But behind the perfect illusion I had imagined it to be, our friendship was just as broken as I was. I couldn't see what an enormous burden I was putting on Jessica. Talking endlessly about my struggles was beginning to be more than she could bear. She wanted to help me but didn't know how. This went on for a year and a half until one day I took it too far. We were sitting outside at a picnic table on an unusually warm December afternoon. "I'm thinking about cutting myself," I confided to her. She stared at me with terrified eyes, a sharp contrast from the soothing demeanor she'd always shown me. She quickly began making excuses to leave. As I watched her walk to her car, tears began to form in my eyes. Her uncharacteristic response made me realize that something was terribly wrong.
The next morning I sat down with a warm cup of coffee, still feeling awfully shaken about my encounter with Jessica. I casually began checking my e-mail and noticed that she had sent me a lengthy message. I read the first line and curled up on the floor crying hysterically. "Zoe, you need serious professional help, and I cannot continue to be a source of support for you until you get it," the e-mail began. "I need space from you." How could I possibly distance myself from the girl that meant everything in the world to me? There were countless additional lines detailing why she needed time apart, but my eyes glazed over and the words started spinning all over the page. I felt like I couldn't breathe. I called her twenty-five times. No response. I sent her e-mails begging her to speak to me. Nothing. After a day of uncontrollable sobbing, I finally realized that I had become completely dependent on Jessica and that our friendship was no longer healthy. I sent her a final e-mail telling her that I needed space of my own.
Chicken Soup for the Soul: Just Us Girls
The month I spent apart from Jessica was eye-opening for me. I realized that I was in dire need of professional help, and without Jessica there to help me I felt lost and alone. Forcing me to get professional help was the best thing she could have done for me. Thanks to Jessica's tough love I came back to school a completely different person, ready to face life courageously.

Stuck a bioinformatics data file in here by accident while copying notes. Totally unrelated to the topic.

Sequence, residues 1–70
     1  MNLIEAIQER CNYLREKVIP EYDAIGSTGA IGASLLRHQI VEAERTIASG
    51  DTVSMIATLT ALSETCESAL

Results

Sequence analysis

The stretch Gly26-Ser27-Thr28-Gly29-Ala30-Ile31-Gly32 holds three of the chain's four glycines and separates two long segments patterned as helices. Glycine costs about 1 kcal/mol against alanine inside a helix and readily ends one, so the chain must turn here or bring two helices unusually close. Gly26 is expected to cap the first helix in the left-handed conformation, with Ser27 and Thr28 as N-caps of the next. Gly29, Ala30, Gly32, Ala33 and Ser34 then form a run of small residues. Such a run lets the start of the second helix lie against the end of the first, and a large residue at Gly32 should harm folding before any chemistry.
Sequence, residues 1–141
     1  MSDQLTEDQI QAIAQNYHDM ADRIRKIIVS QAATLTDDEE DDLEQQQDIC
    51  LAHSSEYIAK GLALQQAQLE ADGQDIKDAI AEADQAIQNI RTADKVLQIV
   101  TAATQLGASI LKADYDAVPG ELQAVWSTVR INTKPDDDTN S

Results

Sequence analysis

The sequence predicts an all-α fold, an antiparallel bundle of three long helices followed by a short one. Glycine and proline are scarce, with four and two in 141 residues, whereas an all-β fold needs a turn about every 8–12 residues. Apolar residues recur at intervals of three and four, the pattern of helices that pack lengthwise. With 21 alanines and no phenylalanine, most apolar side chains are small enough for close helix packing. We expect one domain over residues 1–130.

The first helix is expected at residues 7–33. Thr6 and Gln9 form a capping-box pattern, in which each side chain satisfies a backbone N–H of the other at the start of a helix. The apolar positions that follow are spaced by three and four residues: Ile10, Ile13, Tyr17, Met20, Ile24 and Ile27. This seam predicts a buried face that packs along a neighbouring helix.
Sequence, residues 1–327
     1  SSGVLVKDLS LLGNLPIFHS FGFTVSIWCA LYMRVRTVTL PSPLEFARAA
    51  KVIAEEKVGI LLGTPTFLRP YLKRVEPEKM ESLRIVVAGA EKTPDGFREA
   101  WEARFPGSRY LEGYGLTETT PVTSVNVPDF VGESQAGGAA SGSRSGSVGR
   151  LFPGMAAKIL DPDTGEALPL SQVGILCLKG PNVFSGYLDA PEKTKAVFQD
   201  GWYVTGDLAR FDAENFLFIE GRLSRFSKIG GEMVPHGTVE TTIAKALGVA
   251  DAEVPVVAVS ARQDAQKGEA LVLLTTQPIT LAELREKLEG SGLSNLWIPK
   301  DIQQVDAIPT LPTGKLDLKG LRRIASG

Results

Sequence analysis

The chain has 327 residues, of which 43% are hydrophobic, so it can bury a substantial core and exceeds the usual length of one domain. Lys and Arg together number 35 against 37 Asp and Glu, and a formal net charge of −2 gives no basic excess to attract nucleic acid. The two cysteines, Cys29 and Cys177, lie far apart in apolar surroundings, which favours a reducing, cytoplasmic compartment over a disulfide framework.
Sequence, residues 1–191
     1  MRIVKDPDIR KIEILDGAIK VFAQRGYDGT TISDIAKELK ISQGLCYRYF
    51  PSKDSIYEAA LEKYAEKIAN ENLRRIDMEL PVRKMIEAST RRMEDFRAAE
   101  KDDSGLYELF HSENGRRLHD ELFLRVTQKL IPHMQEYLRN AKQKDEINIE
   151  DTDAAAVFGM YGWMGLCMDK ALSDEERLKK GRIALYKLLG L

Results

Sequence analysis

Jessica and I very slowly began to rekindle our friendship, which we affectionately referred to as a "work in progress." For months we walked on eggshells, afraid that saying anything wrong would send our friendship into an irreparable downward spiral.
And then it finally happened. "I beat you, Jessica!" I exclaimed as I jumped up and pumped my fist in the air. "Victory is mine!" We were playing Mastermind on the same picnic table where our friendship had taken a massive nosedive the previous December. I had just beaten my genius best friend by one point. I looked at her with a smug expression and we both started cracking up. From that moment on I knew that our friendship was back to being normal. No, make that back to being completely awesome. Like a rubber band, the tension snapped and we finally both let our guard down.
Our friendship is different now. We have more obligations and see each other less. But our friendship contains an element that it never had before: depth. The breakdown in our friendship helped us get our issues out on the table so we could move past them. It challenged our commitment to being friends. But being the strong, determined women that we are, we put our shattered friendship back together piece by piece. Our friendship will inevitably have many more bumps, twists, turns and roadblocks along the way. We'll stumble and we'll fall. We'll have tension and need some comic relief, and we'll likely resort to taking badminton rackets and whacking over-sized marshmallows at each other. But because of Jessica, I refuse to dwell on the negatives in my life. It's probably for the best; now I can put all of my energy into whipping her butt inMastermind. Bring it, Jessica!